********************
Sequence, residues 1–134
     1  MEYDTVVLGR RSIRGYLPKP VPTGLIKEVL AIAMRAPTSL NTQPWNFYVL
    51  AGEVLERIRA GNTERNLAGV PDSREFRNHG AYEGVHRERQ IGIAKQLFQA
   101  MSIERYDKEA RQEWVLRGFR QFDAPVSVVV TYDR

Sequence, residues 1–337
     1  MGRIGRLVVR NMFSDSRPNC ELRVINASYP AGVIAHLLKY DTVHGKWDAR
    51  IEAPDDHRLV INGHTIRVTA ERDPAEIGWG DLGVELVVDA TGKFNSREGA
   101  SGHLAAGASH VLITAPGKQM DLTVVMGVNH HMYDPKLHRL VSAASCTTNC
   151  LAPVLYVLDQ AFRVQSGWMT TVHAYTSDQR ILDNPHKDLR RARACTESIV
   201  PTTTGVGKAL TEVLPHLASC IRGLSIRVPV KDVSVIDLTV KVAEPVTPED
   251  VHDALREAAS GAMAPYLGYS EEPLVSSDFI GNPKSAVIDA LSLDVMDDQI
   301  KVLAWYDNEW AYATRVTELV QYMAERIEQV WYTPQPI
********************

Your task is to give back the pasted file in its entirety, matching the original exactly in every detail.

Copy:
Sequence, residues 1–134
     1  MEYDTVVLGR RSIRGYLPKP VPTGLIKEVL AIAMRAPTSL NTQPWNFYVL
    51  AGEVLERIRA GNTERNLAGV PDSREFRNHG AYEGVHRERQ IGIAKQLFQA
   101  MSIERYDKEA RQEWVLRGFR QFDAPVSVVV TYDR

Sequence, residues 1–337
     1  MGRIGRLVVR NMFSDSRPNC ELRVINASYP AGVIAHLLKY DTVHGKWDAR
    51  IEAPDDHRLV INGHTIRVTA ERDPAEIGWG DLGVELVVDA TGKFNSREGA
   101  SGHLAAGASH VLITAPGKQM DLTVVMGVNH HMYDPKLHRL VSAASCTTNC
   151  LAPVLYVLDQ AFRVQSGWMT TVHAYTSDQR ILDNPHKDLR RARACTESIV
   201  PTTTGVGKAL TEVLPHLASC IRGLSIRVPV KDVSVIDLTV KVAEPVTPED
   251  VHDALREAAS GAMAPYLGYS EEPLVSSDFI GNPKSAVIDA LSLDVMDDQI
   301  KVLAWYDNEW AYATRVTELV QYMAERIEQV WYTPQPI